Little Bit required constant attention the first 24 hours. Evaluations by a veterinarian and a dentist found the horse severely malnourished with parasites and a possible skin condition. Sharp points in her teeth — likely from lack of use — had created sores. The space between her thighs was so great a football could fit through without touching skin.

Three weeks into her recovery, Little Bit has gained more than 40 pounds. She receives three meals a day with ample time to graze. Too brittle to be placed with other horses, she grazes alone. When she feels up to it, she runs.

But there's a long road ahead. Volunteers and staff monitor her regularly. In her bedroom, Showers has a video monitor of Little Bit's stall.

"She's up there with some of the worst we've seen," Showers said. "She's lucky in that she's young enough to come back from this. A lot of times we'll see this with older horses, and they don't have the constitution to come back."

Little Bit's personality has begun to show.

"I like to say she's got a lot of fight in her," Showers said. "She has opinions about things. If she doesn't want to do something, she has no problem turning around and biting or kicking at you."
Fitzsimons has declined to comment to the Journal & Courier. He buried the dead horse on his property.

Keck said she has had limited contact with Fitzsimons since an initial interview. During that conversation, he indicatedthat he could not afford to feed the horses, she said.

Keck said the progress the horse has made with regular feeding makes her believe charges against Fitzsimons are warranted.

"What it came down to was basically no care from the owner," she said. "The only thing Indiana Horse Rescue has done is introduce regular feeding and parasite control, which is something all horse owners are responsible for. That just shows a lack of care on the owner's part."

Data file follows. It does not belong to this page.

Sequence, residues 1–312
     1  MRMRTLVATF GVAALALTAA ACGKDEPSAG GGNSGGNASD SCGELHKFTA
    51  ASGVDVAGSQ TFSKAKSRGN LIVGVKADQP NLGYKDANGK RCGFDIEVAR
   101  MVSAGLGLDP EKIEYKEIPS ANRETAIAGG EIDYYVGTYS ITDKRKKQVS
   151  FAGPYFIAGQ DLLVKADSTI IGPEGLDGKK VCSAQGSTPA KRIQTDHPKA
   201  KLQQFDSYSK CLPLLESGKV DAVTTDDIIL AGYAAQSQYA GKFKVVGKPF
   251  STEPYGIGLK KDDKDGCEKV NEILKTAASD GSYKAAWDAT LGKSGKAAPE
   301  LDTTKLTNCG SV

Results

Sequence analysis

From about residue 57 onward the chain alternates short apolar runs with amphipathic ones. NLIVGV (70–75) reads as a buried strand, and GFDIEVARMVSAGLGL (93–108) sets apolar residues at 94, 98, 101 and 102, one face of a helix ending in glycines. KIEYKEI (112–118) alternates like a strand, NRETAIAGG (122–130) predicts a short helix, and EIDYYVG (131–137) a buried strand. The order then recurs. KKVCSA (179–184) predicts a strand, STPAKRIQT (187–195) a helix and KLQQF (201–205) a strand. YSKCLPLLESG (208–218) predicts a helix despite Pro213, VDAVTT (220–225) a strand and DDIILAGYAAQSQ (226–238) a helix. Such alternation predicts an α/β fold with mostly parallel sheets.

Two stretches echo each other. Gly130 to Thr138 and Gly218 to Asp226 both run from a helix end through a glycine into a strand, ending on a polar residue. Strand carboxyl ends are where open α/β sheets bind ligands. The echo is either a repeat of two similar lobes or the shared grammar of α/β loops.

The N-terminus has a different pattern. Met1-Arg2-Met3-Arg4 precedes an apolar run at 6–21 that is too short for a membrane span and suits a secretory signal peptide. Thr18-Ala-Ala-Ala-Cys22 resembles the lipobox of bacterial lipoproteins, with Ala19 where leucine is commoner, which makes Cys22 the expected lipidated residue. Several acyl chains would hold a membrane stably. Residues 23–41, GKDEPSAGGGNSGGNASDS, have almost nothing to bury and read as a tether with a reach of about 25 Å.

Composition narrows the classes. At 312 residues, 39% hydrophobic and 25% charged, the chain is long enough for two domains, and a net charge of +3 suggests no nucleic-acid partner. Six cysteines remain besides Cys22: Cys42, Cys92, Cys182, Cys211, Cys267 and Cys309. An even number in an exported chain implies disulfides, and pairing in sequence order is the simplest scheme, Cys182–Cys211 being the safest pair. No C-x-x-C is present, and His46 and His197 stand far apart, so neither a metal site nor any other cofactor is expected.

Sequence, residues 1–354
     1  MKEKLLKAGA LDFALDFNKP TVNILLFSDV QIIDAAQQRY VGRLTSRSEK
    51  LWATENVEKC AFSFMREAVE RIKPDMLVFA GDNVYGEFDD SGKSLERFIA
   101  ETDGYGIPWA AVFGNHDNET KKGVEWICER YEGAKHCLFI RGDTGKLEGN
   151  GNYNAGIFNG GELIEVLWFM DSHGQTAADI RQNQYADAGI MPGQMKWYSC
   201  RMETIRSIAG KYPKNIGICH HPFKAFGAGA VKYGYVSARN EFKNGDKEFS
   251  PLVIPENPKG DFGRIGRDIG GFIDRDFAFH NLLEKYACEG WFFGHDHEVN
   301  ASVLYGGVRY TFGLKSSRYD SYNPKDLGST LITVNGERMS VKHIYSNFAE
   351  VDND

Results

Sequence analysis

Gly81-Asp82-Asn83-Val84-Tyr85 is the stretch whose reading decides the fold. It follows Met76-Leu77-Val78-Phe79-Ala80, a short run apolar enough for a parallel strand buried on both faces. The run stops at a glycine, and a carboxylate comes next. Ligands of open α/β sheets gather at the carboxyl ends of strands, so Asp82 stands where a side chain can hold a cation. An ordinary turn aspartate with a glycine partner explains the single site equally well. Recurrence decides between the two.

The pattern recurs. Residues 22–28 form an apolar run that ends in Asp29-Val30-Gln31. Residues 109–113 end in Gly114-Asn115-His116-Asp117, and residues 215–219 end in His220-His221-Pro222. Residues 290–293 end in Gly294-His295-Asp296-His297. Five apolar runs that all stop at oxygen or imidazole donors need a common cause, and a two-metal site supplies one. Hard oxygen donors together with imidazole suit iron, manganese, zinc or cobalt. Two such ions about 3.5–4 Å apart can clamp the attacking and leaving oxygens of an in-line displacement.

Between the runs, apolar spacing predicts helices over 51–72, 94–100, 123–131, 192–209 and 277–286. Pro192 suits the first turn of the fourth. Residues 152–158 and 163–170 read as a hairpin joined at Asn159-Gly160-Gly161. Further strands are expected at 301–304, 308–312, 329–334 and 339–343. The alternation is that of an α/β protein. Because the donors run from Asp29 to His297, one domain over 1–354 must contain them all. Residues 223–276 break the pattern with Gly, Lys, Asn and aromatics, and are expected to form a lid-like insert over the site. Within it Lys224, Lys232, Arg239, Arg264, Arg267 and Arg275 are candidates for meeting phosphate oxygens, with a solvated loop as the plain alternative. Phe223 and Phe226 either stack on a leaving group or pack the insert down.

How you can help

To donate and support Indiana Horse Rescue, visit the website at or contact the facility at 765-601-4104.

(Journal and Courier - April 30, 2014)


Tuesday, April 29, 2014

Virginia: 16 pit bulls rescued in Hampton. Owner Vernon Silver charged with animal cruelty

VIRGINIA -- The Peninsula SPCA is now home to more than a dozen pit bulls rescued in Hampton Tuesday afternoon.

Neighbors watched as animal control officers descended on Abbey Court around 3:30 p.m. to remove the dogs from unsafe living conditions.

“I stopped counting after 10 dogs, and I’m literally standing in my window like one, two, ok, and they had three trucks out there, animal trucks, and pretty much filled up all three of the trucks,” said resident Nichele Hakeem, who saw it all go down.

According to Sgt. Jason Price, Public Safety Communications received an anonymous tip around 1 p.m. about multiple dogs being neglected at a residence there. When Animal Control officers went to the house and talked with the owner, they noticed several pit bulls in makeshift kennels and crates, sitting in mud and feces.

Price said probable cause was established and 16 pit bulls, both adults and puppies, were seized from the property. The dogs were taken to the SPCA on J. Clyde Morris Boulevard in Newport News to be evaluated.

“I’m relieved,” said Michael Napier, who lives near the home where the dogs were found. “I’m relieved to know that I won’t have to hear them barking all night long. I’m relieved to know the dogs are probably going to go to a better place.”


So far, police say there has been no evidence to indicate any dog fighting activity was taking place at the residence. However, there are other charges pending against the owner, 48-year-old Vernon Alonzo Silver.

“32 summonses have been obtained for the owner, Mr. Vernon Silver. Those summonses still need to be served on Mr. Silver,” said Cpl. Mary Shackelford with Hampton Police. “They’re broken down as 16 summonses for failure to provide adequate care and 16 additional misdemeanor summonses for animal cruelty.”

10 On Your Side tried to speak with the owner, but he declined an interview.

Anyone with information that may help police with this investigation is asked to call the Crime Line at 1-888-LOCK-U-UP.

(WAVY - April 29, 2014)

Newer articles: